The Purpose of Doctrine is Not Church Growth (or, A Correction to @RNS)

Tom Krattenmaker over at Religion News Service wrote the following a while back in a piece unfortunately titled, “Why a stout theological creed is not saving evangelical churches”:jesus crying

For many years now, it’s been treated as common knowledge in some circles that the liberal beliefs of mainline churches have been the instruments of their decline. As the story goes, if you want to know why the Episcopalians, Lutherans and others like them  have suffered precipitous drops in members and cultural clout since the 1960s, you need look no further than their acceptance of society’s changing sexual mores, women’s equality and so on.

Conservative churches and their strict, unbending doctrine, we’re told, are why they have held onto, and have even grown, their numbers.

The whole piece is worth a read, only so you can follow me as I dissect it.  The bottom line: this is not so much a piece of helpful analysis as it is a thinly veiled exercise in schadenfreude (rejoicing in someone else’s misery) by someone who is attempting to be a leading “secular” voice.  In other words, he’s simply rejoicing that his enemy (religion) appears to be in retreat.

A few points:

  • The headline – “a stout theological creed” is misleading.  Free churches, represented by the Southern Baptists he cites, are non-creedal.  A journalist of religion should have better grasp on the language of religious practice and denominational history than this.
  • The confusion of doctrine and social ethics is unhelpful.  Evangelicals make it too, and I’ve talked about it before.  But all the historical creeds deal with primary doctrine: the nature of God, the resurrection of Christ, etc.  It’s hard to know if Mohler and Moore, as quoted, are talking about basic doctrine or ethics, but this confusion of terms from the outset is problematic.  Liberal theology and progressive social policy are not the same thing.
  • There are evangelicals who are not Southern Baptists.  What Krattenmaker does not account for is the degree to which an even more precipitous mainline decline is hindered because of a remnant of evangelicals in denominations like the UMC.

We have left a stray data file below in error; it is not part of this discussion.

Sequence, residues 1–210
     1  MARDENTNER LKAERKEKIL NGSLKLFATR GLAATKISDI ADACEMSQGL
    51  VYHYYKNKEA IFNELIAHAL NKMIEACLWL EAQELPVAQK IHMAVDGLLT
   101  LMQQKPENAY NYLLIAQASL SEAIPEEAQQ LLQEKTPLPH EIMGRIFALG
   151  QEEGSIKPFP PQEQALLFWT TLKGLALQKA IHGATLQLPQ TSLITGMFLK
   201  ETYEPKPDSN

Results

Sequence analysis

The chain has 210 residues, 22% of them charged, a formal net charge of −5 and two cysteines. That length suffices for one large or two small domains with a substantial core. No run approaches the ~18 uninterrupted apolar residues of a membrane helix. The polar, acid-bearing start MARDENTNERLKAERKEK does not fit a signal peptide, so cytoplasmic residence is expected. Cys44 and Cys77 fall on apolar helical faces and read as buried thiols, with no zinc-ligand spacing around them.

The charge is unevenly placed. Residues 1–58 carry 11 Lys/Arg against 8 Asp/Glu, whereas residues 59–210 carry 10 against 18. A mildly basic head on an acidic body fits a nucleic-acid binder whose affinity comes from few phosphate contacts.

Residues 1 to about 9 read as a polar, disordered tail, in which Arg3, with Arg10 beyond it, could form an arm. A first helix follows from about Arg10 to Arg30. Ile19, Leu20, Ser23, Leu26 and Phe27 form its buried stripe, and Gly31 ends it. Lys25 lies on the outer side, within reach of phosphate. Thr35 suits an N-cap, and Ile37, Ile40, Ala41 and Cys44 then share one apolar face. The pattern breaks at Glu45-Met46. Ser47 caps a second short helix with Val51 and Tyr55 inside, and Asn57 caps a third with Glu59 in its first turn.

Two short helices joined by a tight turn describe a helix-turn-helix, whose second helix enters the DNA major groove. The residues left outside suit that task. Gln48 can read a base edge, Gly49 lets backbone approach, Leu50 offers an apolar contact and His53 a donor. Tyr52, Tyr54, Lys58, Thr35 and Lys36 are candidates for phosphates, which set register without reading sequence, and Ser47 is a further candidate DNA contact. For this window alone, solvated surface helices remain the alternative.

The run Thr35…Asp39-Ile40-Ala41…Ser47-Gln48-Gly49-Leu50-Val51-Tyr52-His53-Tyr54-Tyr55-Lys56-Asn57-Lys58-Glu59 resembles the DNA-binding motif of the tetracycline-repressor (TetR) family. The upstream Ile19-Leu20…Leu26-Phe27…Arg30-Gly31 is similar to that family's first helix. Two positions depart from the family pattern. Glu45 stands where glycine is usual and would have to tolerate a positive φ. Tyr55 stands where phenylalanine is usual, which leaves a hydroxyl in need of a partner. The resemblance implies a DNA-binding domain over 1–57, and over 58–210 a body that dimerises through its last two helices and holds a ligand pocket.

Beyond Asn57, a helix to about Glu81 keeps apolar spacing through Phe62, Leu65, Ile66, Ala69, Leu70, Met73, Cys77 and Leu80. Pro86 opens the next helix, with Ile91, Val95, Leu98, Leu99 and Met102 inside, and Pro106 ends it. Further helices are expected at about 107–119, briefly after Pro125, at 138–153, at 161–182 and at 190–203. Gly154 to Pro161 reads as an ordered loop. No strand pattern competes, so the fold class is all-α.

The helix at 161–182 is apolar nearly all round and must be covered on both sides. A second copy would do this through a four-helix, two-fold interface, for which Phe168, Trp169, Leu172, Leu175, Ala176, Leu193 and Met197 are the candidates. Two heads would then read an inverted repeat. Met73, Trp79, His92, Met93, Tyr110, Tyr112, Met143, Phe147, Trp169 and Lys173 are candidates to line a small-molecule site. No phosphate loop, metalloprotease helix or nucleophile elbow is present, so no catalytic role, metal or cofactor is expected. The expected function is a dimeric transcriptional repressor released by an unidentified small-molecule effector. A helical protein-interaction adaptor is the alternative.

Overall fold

• Krattenmaker seems to have no sense of the global religious scene.  The church is growing rapidly in the developing world, and their Christianity is not the progressive Protestant variety he seems to prefer.  The American Church as a whole may be declining, but the growing global church is largely evangelical and, especially, charismatic.

The point of Christian doctrine is not church growth but identity. The value of creedal Christianity is not a guarantee of growth but the blessing of a tradition not invented last week. There is a “faith once delivered” (Jude 6), there are certain truth claims that are constitutive of Christian worship and piety.  Churches and religions that can pass on their particular faith stories to young people effectively tend to retain more of the next generation.  On this, research by Christian Smith and others is clear that Mormons and evangelicals tend to do this well, while mainline Protestants and Catholics tend to do this badly.  Even in the largest of the Mainline denominations, the UMC, the fastest-growing churches tend to be evangelical.  Krattenmaker and others might not like this fact – Progressive Methodists invent new levels of obfuscation every time these statistics come out – but it makes it no less true.

I can appreciate that Krattenmaker wants to be an emerging voice for “secular” people.  (Although, most folks I know who are secular don’t identify that way.)  But this is self-serving narrative masquerading as informed analysis.  Something that says “Religion News Service” at the top of the page should have better standards.

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